1. Repeal the rapid cash build-up factor for the Florida Hurricane Catastrophe Fund (FHCF). The Florida “Cat Fund” was designed to promote stability in the international reinsurance market. Years ago when the FHCF was depleted after eight hurricanes in two years, a 25% surcharge was placed on the price of reinsurance purchased through the fund to replenish cash in the fund so that it would have enough money to pay claims for a future rainy day. Today the FHCF has $13 billion of cash on hand to pay claims and will collect over $1 billion more this year. The total $14 billion is equal to all the claims paid by the FHCF in the 26 years since it was created. Repeal of this rainy-day surcharge would pass about $350 million back to insurance consumers and reduce the average rate increase by 20%.
  2. Allow the Cat Fund to offer an additional $4 billion in coverage through a temporary layer of reinsurance that would offer about $600 million in savings that again would be passed on to insurance consumers. Companies would be able to buy more reinsurance from the FHCF instead of the private market. This would also increase capacity and lower private reinsurance costs. This reform would reduce the average rate increase by another 40%.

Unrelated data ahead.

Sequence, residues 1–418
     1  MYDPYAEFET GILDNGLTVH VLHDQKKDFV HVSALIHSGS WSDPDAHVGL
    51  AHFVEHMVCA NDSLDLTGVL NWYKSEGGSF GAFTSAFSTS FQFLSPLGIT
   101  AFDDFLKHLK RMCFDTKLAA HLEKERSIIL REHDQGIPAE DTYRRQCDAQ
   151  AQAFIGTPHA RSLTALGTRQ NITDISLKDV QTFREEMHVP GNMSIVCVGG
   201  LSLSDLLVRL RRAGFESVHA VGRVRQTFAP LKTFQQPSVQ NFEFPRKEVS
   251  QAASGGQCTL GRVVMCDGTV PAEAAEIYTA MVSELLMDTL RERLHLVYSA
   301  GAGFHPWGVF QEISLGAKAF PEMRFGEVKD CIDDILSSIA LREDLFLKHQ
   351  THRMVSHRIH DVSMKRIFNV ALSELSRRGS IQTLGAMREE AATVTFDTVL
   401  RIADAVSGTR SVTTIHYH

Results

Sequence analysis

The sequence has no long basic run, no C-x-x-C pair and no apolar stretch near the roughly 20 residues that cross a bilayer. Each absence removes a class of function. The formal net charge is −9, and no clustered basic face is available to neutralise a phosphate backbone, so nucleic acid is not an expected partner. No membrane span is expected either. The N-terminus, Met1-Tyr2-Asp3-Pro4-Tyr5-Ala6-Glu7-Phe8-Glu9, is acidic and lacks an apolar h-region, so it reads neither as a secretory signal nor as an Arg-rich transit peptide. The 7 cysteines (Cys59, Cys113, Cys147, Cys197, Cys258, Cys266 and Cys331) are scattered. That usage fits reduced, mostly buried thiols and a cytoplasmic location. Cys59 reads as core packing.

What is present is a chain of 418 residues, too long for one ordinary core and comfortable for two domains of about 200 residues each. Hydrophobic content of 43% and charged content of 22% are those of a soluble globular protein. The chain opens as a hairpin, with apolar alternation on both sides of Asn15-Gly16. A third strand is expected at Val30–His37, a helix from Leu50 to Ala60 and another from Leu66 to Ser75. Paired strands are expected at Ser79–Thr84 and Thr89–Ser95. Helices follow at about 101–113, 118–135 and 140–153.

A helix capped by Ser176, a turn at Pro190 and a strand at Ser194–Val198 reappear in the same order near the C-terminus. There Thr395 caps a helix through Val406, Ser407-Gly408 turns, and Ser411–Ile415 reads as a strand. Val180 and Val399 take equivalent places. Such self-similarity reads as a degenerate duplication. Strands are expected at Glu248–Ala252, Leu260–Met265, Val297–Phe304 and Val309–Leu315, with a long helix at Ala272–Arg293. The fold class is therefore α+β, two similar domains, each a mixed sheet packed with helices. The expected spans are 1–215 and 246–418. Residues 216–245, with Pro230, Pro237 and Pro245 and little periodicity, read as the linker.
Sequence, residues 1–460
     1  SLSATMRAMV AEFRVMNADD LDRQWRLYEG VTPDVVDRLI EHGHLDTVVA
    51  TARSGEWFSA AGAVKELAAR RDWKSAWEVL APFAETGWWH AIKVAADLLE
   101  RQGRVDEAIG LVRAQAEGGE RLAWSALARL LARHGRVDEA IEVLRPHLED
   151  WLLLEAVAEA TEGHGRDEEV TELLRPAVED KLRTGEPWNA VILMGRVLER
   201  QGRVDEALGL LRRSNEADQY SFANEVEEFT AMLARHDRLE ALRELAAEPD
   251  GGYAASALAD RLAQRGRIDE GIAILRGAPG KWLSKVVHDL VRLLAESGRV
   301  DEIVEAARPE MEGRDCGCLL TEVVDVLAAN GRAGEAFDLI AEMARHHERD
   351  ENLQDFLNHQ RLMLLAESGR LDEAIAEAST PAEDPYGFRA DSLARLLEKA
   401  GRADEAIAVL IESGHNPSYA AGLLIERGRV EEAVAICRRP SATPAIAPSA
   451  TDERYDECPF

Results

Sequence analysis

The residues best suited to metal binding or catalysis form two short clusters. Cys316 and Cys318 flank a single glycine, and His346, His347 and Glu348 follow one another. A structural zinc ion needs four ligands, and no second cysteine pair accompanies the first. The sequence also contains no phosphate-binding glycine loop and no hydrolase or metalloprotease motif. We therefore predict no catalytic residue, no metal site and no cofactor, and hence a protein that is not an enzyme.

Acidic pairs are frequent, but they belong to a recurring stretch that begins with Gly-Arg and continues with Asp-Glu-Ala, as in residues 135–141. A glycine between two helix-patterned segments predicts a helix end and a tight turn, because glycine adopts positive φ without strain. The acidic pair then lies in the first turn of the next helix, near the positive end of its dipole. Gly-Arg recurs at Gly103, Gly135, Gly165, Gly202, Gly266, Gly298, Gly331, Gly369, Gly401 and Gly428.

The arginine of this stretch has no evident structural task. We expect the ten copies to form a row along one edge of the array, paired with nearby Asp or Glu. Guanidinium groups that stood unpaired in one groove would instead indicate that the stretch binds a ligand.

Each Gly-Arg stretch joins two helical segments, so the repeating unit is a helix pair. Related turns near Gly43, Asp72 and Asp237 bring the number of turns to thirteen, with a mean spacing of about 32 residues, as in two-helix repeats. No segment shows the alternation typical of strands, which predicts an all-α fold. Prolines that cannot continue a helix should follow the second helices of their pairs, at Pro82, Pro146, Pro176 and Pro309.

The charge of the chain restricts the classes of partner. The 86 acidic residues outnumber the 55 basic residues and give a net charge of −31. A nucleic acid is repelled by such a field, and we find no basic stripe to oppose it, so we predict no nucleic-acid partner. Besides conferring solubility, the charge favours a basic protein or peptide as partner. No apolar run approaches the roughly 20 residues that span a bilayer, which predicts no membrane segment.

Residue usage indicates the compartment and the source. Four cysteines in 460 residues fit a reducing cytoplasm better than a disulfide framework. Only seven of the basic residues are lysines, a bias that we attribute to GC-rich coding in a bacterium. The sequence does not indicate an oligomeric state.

3. An additional and temporary measure that the legislature could take is to provide short-term loans that would replace existing debt. According to the rating agency Demotech, this reform (which has been employed by the legislature in the past) would allow at least six Florida-based carriers to provide their policyholders with lower rates. It would also help keep this market robust and competitive.
  4. We simply cannot ignore these expected rate increases. The Florida Legislature should use the existing policy levers to get in front of the problem.

Please call  Lee from Calle Financial, Your Insurance Consultant  about Home Insurance, Auto, Flood, Private Flood, Car, Life Insurance & Financial Products, Business  & Commercial Policies, and Group Products for business owners to give Employees benefits at no cost to them.

Floridians are on alert as the state heads into peak hurricane season after three straight years of being impacted by major storms.

Meanwhile, the Florida Panhandle continues its recovery from Hurricane Michael that devastated the region as a Category 5 last October. Residents in the area are crossing their fingers that they will be spared this year as they continue rebuilding from the largest hurricane to hit the area on record

“We are all hoping there won’t be another one this year,” said Karen Kirkland, owner of Kirkland Insurance Agency in Lynn Haven, Fla., a part of the Panhandle that was badly damaged by the massive storm that made landfall October 10 with 155-mph winds.